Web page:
Anderson, who was the first English bowler to pass 400 in Tests, came into the third Investec Test needing three wickets to join an even more exclusive club. Among quicks, only Glenn McGrath and Courtney Walsh have previously managed to combine threat and longevity to the same level; out ahead, beyond the 600 mark, are the spin trio of Anil Kumble, Shane Warne and Muttiah Muralitharan.
After striking twice on the first morning of the match to move to 499, Anderson was made to wait for the landmark as Ben Stokes ripped through West Indies' first innings with figures of 6 for 22. But second time around he didn't have to wait long, spearing a full delivery through Brathwaite with his 12th delivery.
After taking a five-for on debut at Lord's against Zimbabwe in 2003, Anderson's early years with England were characterised by struggles with injury and changes to his action. His return to the team on the 2008 tour of New Zealand - having reverted to the distinctive delivery style that sees his head facing the ground - marked the start of his ascent to becoming England's most prolific international wicket-taker.
In Antigua in 2015, he passed Ian Botham's mark of 383, which had stood since 1992, and he then raised 400 against New Zealand, at Headingley, a few weeks later. Anderson is also England's most successful bowler in ODIs, with 269 wickets, to go alongside a further 18 in T20 internationals. Last month, he was honoured by Lancashire with the naming of the James Anderson End at Old Trafford.
Although he has been reluctant to set targets, Anderson has often spoken of wanting to play for England for as long as possible. Speaking to ESPNcricinfo last week, he said: "There's no reason I can't play until I'm 40. I am now as skilful a bowler as I have ever been and consistent as well. I don't know whether I've peaked but I think I'm bowling as well as I have.
"I wouldn't rule out playing in the Ashes of 2020-21, either. I'm very fortunate to have the body I have. For a fast bowler, not much stress goes through my body. A lot less than a lot of other fast bowlers. It's just a case of looking after myself. If I can keep fit, keep my speeds up there's no reason why not."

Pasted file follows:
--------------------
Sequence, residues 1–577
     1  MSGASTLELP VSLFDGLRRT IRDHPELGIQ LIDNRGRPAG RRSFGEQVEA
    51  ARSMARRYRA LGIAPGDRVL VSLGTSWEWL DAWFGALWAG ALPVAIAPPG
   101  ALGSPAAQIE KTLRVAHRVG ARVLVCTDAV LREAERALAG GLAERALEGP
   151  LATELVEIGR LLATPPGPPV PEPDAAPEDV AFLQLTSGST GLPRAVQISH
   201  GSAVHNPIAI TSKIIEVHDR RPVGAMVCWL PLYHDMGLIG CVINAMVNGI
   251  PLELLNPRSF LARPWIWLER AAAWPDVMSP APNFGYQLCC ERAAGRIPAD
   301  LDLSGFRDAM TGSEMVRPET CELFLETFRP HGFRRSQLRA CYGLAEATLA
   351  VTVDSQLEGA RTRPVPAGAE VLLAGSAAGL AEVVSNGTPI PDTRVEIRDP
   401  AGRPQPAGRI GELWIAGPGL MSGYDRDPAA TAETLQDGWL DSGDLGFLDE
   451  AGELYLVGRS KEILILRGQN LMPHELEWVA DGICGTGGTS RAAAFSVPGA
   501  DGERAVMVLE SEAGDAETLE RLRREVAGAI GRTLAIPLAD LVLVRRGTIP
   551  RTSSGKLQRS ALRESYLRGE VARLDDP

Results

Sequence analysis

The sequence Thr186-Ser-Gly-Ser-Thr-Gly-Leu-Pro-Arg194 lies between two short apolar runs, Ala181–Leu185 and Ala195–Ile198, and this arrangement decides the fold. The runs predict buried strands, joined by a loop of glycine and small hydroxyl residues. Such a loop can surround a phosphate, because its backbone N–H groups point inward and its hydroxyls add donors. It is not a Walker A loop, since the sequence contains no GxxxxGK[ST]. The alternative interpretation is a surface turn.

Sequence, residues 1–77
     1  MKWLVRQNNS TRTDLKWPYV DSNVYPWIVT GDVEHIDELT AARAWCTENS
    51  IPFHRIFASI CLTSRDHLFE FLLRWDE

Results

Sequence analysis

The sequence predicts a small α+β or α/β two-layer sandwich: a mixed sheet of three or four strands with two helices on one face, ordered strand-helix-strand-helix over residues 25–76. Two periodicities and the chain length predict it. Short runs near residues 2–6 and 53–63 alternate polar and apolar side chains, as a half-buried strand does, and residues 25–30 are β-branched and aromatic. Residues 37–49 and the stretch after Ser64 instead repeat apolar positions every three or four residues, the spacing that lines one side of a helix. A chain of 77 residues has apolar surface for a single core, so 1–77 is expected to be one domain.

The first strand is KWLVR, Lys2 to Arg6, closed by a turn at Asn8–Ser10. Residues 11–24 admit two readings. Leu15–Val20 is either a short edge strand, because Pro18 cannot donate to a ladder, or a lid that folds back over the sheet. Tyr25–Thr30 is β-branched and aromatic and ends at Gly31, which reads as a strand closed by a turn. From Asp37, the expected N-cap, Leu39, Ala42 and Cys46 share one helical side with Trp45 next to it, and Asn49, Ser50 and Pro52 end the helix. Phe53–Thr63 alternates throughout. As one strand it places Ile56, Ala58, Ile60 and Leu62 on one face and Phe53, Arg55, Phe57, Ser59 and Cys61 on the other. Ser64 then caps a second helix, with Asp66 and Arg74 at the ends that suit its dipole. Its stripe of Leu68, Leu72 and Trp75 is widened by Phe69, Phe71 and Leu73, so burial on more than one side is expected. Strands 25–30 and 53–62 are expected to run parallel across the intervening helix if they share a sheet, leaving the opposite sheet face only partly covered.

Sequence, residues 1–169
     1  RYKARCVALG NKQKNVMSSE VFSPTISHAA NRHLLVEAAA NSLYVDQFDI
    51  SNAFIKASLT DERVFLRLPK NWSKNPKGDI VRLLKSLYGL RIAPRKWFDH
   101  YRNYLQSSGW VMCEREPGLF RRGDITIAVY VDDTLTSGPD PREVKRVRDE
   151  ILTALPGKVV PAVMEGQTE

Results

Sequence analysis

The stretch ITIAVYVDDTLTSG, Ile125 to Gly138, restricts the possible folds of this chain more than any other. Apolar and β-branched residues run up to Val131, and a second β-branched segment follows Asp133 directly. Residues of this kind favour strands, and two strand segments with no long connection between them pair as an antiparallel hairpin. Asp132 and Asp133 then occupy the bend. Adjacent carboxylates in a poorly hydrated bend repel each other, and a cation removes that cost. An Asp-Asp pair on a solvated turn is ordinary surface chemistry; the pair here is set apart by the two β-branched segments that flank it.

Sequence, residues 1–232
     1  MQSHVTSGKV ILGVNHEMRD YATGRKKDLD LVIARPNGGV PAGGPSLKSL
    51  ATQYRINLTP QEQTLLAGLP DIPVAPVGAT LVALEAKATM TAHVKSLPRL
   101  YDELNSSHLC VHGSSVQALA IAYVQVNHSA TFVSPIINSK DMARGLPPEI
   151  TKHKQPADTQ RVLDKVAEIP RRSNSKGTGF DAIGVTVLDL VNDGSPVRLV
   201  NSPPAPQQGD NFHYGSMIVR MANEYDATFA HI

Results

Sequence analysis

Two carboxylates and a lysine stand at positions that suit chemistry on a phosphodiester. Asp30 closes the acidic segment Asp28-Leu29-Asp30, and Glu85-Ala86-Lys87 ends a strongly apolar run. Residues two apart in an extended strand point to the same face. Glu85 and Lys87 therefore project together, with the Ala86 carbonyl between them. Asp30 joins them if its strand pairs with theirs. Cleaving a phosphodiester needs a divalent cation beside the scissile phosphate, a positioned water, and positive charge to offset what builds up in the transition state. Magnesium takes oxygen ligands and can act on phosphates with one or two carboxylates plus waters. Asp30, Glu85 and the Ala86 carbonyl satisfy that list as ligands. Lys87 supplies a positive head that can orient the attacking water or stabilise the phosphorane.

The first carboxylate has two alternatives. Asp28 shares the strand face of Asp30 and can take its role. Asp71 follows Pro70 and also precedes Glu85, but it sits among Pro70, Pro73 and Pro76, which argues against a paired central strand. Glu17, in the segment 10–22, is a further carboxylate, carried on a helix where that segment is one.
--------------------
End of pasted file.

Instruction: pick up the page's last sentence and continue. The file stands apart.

While Anderson's injury record in 2015 and 2016 was cause for concern, as he missed Tests against Australia, South Africa, Pakistan and India, he has maintained his fitness this year and been as potent as ever in English conditions. In seven Tests against South Africa and West Indies, he has taken 33 wickets at an average of less than xx and remains, at 35, an immensely skilful practitioner.
"His record speaks for itself," Chris Woakes said during the second Test, at Headingley. "If you think of the greats that have gone on to get that sort of landmark it's pretty amazing. He's a great guy to have in the dressing room. The thing we take from his as bowlers is he's still motivated to improve and get more."
Anderson is set to go on his fourth Ashes tour of Australia this winter, where he may be able to contemplate surpassing Walsh, the next man ahead of him, on 519. A little further along, on 563, is McGrath, who said last year that Anderson could "easily" break his record for a fast bowler, if he stayed fit.